Paulos Mar Gregorios: Star of the East / A. J. Philip
K. Raveendran was my best friend at college. His elder brother K. Gopi was equally close to me. They lived very close to the Orthodox Church at Thekkemala near Kozhenchery in Pathanamthitta district. Both of them were very close to Fr Thoma who was the Vicar there.
It was through them that I met the father. He became my friend as well. He was a theologian of exceptional standard. He believed in doctrinal purity and was not ready to accept any interpolation or interpretation that was at variance with what he believed was the essence of Orthodox belief.
His rival in the church was Fr Paul Varghese, whose popularity as a speaker, theologian, teacher and original thinker was soaring. He published a thick volume to demolish Fr Varghese’s doctrinal positions and was busy writing the second volume when we met at the parsonage.
No, Fr Thoma did not have anything personal against him. Theirs was a religious disputation like the one Adi Shankara had with Mandan Mishra. There was, alas, none to moderate them like Mishra’s wife Sarasavahini.
The subject of their dispute was too theological for me to understand at a time when I was trying to find out why the uprising in Naxalbari found a resonance in the young minds in Calcutta, Delhi and Kerala.
Of course, Fr Paul Varghese was not new to me as I had heard him at the annual Convention the Orthodox Church used to organise at Makkankunnu, Pathanamthitta. He used to attract a larger crowd than any other speaker.
After my meeting with Fr Thoma, I heard Fr Paul Varghese’s speeches with greater attention. I realised for once how deep he was in his thoughts and expositions of Biblical doctrines in the Indian context. He had the ability to draw upon the various Upanishadic traditions of the country as he could dwell upon the writings of Augustine of Hippo.
I became an admirer of Fr Varghese, even as I remained a friend of Fr Thoma, who visited my home at Valanchuzhy in Pathanamthitta when he heard that I was leaving for Delhi in search of a job. His prayer was my strength.
I never met Fr Thoma again. He left for Canada when a breakaway group of the Orthodox Church in Toronto wanted the services of a priest. In the case of Fr Varghese, I continued to follow his writings and speeches.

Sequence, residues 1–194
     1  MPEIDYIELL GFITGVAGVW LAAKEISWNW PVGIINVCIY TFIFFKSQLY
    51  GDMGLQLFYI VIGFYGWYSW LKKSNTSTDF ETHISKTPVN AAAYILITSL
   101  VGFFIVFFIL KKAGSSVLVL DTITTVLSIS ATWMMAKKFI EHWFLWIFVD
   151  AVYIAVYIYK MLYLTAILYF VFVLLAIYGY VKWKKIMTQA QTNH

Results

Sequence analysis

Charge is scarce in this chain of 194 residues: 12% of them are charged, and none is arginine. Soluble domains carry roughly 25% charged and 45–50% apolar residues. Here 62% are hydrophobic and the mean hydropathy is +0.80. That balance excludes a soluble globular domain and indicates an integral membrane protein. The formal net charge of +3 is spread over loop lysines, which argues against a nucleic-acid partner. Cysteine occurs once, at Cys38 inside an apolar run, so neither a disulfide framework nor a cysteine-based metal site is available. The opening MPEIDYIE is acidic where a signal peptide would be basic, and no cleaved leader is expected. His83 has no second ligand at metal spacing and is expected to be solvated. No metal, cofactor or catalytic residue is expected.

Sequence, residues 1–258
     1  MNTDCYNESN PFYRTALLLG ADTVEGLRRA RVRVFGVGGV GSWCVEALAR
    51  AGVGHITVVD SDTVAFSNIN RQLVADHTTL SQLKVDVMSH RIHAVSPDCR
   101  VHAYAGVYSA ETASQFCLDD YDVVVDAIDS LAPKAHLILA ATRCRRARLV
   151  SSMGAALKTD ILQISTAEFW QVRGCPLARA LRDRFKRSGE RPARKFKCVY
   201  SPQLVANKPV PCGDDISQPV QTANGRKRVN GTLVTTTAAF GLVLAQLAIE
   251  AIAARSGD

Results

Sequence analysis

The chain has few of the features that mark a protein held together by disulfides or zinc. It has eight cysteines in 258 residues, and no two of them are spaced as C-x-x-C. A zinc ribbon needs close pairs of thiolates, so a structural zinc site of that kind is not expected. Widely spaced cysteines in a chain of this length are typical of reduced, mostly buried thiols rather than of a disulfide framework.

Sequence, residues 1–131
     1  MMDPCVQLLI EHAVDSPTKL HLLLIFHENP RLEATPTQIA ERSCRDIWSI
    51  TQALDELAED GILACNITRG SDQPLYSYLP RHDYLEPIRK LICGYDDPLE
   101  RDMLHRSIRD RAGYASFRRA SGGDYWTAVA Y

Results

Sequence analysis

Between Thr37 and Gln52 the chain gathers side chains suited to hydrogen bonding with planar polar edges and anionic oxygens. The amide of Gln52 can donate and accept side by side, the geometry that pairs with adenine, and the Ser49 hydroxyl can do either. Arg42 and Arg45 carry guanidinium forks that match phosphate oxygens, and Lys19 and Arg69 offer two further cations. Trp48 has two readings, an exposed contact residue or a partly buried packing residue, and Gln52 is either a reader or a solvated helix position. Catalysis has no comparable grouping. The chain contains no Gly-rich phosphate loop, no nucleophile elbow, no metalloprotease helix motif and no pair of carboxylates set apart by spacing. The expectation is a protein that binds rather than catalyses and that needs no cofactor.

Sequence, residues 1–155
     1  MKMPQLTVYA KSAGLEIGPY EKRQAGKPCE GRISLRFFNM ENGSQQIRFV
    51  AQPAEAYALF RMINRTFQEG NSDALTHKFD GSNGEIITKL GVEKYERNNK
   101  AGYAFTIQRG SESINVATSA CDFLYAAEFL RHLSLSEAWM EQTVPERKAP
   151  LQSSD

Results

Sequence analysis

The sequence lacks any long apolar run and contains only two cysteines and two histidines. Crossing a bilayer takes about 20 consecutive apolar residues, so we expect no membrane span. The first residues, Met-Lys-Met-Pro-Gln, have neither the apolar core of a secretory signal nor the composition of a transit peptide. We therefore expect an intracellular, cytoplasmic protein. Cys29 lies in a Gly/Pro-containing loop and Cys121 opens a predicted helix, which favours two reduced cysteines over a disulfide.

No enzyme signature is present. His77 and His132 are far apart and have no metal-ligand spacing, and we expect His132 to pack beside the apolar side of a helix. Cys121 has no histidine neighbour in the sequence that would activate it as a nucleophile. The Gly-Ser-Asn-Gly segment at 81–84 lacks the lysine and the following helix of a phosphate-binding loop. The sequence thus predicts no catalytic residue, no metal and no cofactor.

Soon after he was consecrated as a bishop in 1975, he visited Bhopal when I had a long, leisurely interview with him. I was with The Hitavada at that time.
It was thrilling for me to know that a person who had a humble origin in Kerala and who started his career in the Telegraph Department could become a close confidante of Emperor Haile Selassie, a defining figure in modern Ethiopian history.
I also knew how he and a layman, Dr MM Thomas, who became governor of Nagaland, were able to give a new direction to the World Council of Churches and bring it closer to those struggling for freedom everywhere, including South Africa where apartheid was still in force.
He continued his forceful interventions on the world theological stage even as he assumed the role of the first Metropolitan of the newly set up Delhi Diocese. I know how he tried, though unsuccessfully, to publish Rao Bahadur O.M. Cherian’s 13,000-page manuscript titled “Haindava Dharma Sudhakaram”, culled from the Vedas, the Upanishads, the Mahabharata and the Ramayana.
It was against this backdrop that I accepted Fr Shaji Mathews’ invitation to deliver a memorial lecture on Bishop Paulos Mar Gregorios at the St. Thomas Orthodox Church, Ghaziabad, on December 1. It coincided with the Ninth elocution competition, held in the bishop’s memory. The subject of the competition this year was “Christian witnessing: Media judgement”.